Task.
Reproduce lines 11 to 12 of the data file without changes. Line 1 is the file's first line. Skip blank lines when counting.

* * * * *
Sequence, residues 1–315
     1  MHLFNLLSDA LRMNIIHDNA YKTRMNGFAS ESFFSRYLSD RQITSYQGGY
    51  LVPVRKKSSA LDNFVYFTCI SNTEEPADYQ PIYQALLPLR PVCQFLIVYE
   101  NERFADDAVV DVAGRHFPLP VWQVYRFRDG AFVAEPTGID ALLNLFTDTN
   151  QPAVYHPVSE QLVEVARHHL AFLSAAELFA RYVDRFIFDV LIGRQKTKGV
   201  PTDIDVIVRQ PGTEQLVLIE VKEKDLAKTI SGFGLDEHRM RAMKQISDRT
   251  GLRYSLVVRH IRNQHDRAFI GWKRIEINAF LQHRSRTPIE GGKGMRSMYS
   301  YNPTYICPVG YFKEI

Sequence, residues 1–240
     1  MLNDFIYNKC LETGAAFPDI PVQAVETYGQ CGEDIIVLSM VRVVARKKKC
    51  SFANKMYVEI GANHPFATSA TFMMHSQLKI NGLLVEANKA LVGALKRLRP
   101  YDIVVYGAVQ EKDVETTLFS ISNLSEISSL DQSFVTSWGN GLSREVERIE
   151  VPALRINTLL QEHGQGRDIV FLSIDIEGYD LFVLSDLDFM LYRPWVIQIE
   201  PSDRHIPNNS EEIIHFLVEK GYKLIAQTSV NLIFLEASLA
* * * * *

    51  SFANKMYVEI GANHPFATSA TFMMHSQLKI NGLLVEANKA LVGALKRLRP
   101  YDIVVYGAVQ EKDVETTLFS ISNLSEISSL DQSFVTSWGN GLSREVERIE